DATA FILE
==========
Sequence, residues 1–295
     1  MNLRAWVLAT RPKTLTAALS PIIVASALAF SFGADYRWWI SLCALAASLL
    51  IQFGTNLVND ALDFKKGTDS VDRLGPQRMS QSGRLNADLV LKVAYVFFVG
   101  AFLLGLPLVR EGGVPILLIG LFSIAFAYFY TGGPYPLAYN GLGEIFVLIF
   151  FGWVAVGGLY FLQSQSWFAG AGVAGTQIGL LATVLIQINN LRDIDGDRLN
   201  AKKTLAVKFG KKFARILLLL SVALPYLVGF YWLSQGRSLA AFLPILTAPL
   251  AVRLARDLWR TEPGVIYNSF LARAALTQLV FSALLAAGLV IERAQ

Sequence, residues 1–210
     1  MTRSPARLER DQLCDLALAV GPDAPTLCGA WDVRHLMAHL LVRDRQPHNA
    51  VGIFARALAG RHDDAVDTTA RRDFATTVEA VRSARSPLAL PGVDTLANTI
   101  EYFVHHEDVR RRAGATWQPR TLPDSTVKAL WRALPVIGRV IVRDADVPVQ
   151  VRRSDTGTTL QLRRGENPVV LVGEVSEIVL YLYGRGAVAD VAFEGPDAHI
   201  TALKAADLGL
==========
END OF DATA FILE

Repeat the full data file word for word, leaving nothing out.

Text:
Sequence, residues 1–295
     1  MNLRAWVLAT RPKTLTAALS PIIVASALAF SFGADYRWWI SLCALAASLL
    51  IQFGTNLVND ALDFKKGTDS VDRLGPQRMS QSGRLNADLV LKVAYVFFVG
   101  AFLLGLPLVR EGGVPILLIG LFSIAFAYFY TGGPYPLAYN GLGEIFVLIF
   151  FGWVAVGGLY FLQSQSWFAG AGVAGTQIGL LATVLIQINN LRDIDGDRLN
   201  AKKTLAVKFG KKFARILLLL SVALPYLVGF YWLSQGRSLA AFLPILTAPL
   251  AVRLARDLWR TEPGVIYNSF LARAALTQLV FSALLAAGLV IERAQ

Sequence, residues 1–210
     1  MTRSPARLER DQLCDLALAV GPDAPTLCGA WDVRHLMAHL LVRDRQPHNA
    51  VGIFARALAG RHDDAVDTTA RRDFATTVEA VRSARSPLAL PGVDTLANTI
   101  EYFVHHEDVR RRAGATWQPR TLPDSTVKAL WRALPVIGRV IVRDADVPVQ
   151  VRRSDTGTTL QLRRGENPVV LVGEVSEIVL YLYGRGAVAD VAFEGPDAHI
   201  TALKAADLGL